A collector and artist responded to an ad this summer to go through a closed Northwest Portland medical office to salvage equipment. He was shocked to find later that the building had been an abortion clinic for almost five decades.

Robert, who prefers to withhold his last name for family safety, had already carried home surgical lights, a massive operating table and other gear when a helper informed him that Lovejoy Surgicenter had been Portland’s main abortion site since the 1970s. The clinic closed early this year.

Robert began researching the location and found Catholic Sentinel articles revealing troubling truths that the building’s owner had neglected to mention.

Robert, a Christian who lately has been interested in Catholicism, has long objected to abortion and felt sickened by the hardware he now had in his garage, shed and back yard. The operating table, in particular, gave him chills. He knows what happened on it for decades.

“Before I knew what it was, my little boy was playing with the cranks,” Robert said. “I am just beside myself. It’s just an object, but the evil it represents is the thing.”

Robert, who lives west of Portland, rarely frequented the neighborhood but eventually recalled once driving down Northwest 25th Avenue and seeing protesters outside the building, which was constructed 80 years ago as a convalescence center near the old St. Vincent Hospital.

“I have a moral dilemma,” Robert said. “I really am looking for a way to do something good with all this stuff.” He dreams of having it melted down and turned into art or a monument beneficial for society. Robert hopes Sentinel readers will have ideas and resources for some kind of redemptive project.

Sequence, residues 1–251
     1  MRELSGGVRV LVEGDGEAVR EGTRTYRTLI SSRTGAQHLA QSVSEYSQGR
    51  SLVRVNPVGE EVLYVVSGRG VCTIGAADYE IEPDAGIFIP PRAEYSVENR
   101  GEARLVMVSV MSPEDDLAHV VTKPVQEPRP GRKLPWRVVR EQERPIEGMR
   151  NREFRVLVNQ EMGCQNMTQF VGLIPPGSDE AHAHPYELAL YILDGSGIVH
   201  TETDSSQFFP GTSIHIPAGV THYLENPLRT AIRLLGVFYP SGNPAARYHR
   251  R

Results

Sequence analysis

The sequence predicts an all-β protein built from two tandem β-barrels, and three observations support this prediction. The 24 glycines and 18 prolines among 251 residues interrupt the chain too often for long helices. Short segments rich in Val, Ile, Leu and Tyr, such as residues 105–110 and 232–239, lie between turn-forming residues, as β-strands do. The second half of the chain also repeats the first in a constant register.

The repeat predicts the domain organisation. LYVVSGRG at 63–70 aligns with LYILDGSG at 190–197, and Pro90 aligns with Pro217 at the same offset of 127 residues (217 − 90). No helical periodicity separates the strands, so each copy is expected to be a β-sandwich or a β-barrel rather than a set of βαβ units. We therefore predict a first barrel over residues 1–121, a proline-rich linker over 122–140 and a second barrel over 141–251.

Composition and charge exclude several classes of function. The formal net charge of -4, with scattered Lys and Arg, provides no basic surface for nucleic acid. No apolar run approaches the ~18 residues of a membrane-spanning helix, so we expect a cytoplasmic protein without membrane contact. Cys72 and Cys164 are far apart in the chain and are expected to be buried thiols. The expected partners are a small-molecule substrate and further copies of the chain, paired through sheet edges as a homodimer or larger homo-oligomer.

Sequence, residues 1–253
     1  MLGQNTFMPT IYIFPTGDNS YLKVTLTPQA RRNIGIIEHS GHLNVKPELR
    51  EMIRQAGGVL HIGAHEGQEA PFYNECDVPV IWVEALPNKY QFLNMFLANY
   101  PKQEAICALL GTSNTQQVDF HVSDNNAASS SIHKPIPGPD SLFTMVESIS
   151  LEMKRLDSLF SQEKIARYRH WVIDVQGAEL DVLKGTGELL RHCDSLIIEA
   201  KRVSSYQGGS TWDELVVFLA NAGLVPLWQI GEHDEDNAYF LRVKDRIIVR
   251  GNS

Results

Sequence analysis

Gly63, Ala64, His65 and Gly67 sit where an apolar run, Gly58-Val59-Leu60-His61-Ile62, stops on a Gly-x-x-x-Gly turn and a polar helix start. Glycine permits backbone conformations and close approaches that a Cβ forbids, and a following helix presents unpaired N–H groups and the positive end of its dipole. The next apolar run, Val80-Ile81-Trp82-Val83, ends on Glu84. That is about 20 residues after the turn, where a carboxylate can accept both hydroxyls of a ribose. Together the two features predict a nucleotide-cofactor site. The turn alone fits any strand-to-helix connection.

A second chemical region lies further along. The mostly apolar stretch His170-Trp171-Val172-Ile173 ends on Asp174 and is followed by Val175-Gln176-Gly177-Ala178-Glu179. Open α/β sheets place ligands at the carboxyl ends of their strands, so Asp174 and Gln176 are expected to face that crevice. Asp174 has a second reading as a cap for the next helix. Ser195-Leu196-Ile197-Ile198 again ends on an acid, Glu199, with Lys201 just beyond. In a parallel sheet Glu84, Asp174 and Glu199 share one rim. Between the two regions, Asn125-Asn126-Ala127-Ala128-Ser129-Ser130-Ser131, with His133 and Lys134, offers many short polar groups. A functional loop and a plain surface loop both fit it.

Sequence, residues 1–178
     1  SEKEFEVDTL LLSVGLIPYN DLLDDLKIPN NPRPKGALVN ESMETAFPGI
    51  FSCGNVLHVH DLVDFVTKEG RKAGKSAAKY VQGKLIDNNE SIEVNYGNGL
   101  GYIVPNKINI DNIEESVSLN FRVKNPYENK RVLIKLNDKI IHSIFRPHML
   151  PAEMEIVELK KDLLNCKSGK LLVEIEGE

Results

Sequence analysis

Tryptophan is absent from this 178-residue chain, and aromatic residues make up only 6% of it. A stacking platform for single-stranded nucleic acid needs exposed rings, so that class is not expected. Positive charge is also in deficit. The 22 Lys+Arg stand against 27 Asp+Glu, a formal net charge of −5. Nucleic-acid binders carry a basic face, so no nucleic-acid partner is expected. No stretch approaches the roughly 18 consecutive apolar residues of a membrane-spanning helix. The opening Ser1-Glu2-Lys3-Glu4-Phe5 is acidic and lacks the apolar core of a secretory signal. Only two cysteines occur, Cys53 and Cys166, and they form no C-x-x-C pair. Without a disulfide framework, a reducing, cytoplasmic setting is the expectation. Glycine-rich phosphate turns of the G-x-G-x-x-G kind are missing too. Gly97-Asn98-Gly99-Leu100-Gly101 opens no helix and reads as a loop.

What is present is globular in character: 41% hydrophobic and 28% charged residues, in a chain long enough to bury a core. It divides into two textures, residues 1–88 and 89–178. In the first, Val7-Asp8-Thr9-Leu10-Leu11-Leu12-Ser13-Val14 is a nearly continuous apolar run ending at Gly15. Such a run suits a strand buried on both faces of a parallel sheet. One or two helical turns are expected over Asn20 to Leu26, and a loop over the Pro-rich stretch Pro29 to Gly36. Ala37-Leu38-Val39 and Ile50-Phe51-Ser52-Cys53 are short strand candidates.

“I want to make it so it doesn’t exist anymore,” Robert said. “I wonder if there is a Christian scrap metal guy out there somewhere.” He also wonders if a Christian artist who has access to a foundry could melt it and use it.

Therese Ruesink, a member of St. Rose of Lima Parish in Portland, spent years leading prayerful pro-life vigils outside Lovejoy Surgicenter. Ruesink thinks the items Robert found should have a prayer of exorcism said over them before they get used for anything else.

Robert had planned to install the lights in his house, but now can’t stand the idea of what they once illuminated.

“I can’t even look at them,” he said. “It would be nice to still be blind to this.”

The building is slated to be razed. “I think that is the best thing that can happen,” Robert said.

Have ideas?

Contact the Sentinel at sentinel@catholicsentinel.org or 503-460-5353.